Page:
Vikimediaj Aplikaĵoj/Sugestataj redaktoj

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This page is a translated version of the page Wikimedia Apps/Suggested edits and the translation is 4% complete.
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Suggested edits is a new way to edit Wikipedia on Android. We appreciate that you are giving it a try.

What is Suggested edits?

Suggested edits presents opportunities for small but vital contributions to Wikipedia. We would like to raise awareness that everyone can edit Wikipedia and make contributing easier and more accessible for everyone.

Get started with Suggested edits

The Suggested edits home page consists of the following areas: Profile statistics/contribution history and contribution opportunities.

Suggested edits home page
Home of Suggested edits consists of two areas: Profile statistics and contribution opportunities.

Contribution opportunities are the central element of Suggested edits. Here you can find ways to contribute to Wikipedia. At the moment we offer tasks to add or translate article descriptions and image captions. If you want to know more or learn how to edit like a pro, check out the dedicated sections below:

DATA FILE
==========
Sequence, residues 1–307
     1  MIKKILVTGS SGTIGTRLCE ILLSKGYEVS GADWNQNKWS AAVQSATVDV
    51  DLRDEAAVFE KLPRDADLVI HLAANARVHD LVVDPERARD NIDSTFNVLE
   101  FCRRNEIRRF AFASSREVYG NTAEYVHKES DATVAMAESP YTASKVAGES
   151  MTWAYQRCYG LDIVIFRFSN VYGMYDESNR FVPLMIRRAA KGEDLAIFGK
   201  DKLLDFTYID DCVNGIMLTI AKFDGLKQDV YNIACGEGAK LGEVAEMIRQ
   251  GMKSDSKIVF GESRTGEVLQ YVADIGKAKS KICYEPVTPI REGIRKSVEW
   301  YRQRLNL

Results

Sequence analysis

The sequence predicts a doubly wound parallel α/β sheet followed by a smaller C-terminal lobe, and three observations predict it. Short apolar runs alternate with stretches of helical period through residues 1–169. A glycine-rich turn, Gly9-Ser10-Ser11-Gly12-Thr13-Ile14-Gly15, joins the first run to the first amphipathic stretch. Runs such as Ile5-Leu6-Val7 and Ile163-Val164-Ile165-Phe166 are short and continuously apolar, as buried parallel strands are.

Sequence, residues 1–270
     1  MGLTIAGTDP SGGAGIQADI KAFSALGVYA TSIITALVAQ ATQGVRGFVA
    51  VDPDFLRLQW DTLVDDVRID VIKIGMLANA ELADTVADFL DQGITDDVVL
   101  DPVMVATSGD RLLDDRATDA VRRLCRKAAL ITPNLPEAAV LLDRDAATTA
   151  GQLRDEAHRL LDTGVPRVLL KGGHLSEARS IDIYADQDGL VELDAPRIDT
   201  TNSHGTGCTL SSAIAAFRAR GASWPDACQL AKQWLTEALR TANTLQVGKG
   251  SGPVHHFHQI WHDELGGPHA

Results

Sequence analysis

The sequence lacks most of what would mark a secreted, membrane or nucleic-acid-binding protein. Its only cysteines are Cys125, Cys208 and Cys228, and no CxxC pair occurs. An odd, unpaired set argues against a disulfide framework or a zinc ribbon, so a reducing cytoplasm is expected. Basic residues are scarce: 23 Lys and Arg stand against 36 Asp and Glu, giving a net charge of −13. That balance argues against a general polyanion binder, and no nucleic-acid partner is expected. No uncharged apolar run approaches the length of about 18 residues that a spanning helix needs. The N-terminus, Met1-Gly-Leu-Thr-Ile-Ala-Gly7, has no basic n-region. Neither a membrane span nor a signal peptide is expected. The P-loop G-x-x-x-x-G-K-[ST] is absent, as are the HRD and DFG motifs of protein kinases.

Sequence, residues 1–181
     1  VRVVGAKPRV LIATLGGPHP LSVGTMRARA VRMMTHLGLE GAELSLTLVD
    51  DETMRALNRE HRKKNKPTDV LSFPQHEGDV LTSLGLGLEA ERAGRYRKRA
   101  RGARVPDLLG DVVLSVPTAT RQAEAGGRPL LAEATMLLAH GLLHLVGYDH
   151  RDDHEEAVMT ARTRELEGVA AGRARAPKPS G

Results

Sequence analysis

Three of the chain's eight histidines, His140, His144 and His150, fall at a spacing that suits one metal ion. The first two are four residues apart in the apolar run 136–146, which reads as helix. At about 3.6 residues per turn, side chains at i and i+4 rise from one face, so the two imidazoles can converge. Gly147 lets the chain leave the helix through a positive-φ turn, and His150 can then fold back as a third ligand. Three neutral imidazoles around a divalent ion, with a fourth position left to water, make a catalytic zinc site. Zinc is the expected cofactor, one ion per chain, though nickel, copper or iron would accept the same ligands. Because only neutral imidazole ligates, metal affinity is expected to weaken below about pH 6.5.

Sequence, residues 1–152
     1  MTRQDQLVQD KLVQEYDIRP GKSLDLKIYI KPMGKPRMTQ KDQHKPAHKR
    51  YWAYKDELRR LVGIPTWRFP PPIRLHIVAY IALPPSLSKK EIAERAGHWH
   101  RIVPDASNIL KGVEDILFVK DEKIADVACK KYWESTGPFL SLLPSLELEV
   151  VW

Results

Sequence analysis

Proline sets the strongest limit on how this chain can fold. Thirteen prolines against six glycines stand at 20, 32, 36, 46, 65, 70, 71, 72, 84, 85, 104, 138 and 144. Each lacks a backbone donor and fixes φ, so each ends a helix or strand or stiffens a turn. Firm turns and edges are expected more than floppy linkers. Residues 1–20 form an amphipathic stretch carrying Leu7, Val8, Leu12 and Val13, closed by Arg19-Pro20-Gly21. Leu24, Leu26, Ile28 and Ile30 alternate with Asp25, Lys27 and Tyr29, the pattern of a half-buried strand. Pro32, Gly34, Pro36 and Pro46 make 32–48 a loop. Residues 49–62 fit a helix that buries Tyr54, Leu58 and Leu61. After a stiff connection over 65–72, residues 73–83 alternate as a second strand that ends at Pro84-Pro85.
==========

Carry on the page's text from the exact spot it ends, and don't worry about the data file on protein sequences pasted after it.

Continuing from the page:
We are going to add more contribution types soon, stay tuned.

Profile statistics display information about your activity within Suggested edits. They start to populate once you've made your first Suggested edits.

  • Contributions - displays the number of contributions you’ve made with Suggested edits in the past 30 days.
  • Pageviews - displays the total number of times in the last 30 days that others viewed items you contributed to using Suggested edits.
  • Edit streak - displays how many days without a break you’ve contributed via Suggested edits. If you haven’t contributed in a while, it shows your last contribution date.
  • Edit quality - based on how many times one of your contributions was reverted (that is: undone by another editor). The fewer reverted contributions, the better the edit quality.

Tapping the card leads to the contribution history page. The contribution history lists all contribution types that are available in Suggested edits. You can filter by edit type and see how many pageviews the articles you’ve contributed to had in the past 30 days. Tapping an item in the contribution history list leads you the edit detail (diff) page, where even more infos about the particular edit are featured.

Suggested edits contribution history page
Suggested edits contribution history displays more information about your previous contributions within Suggested edits.

Article descriptions

Article description on Android
Article description in the Wikipedia Android app

Pri priskriboj

  • Short, multilingual descriptions of items (e.g. Wikipedia articles)
  • Article descriptions are not full sentences, but small bits of information.
  • In most cases, the proper length is between two and twelve words.

What are article descriptions used for?

Article descriptions are shown in the apps below Wikipedia article titles to help readers identify the article they're looking for. Article descriptions are stored and maintained on Wikidata and have been designed to disambiguate items with the same or similar labels. Descriptions are also shown outside the Wikipedia site and apps: for example, in Google searches.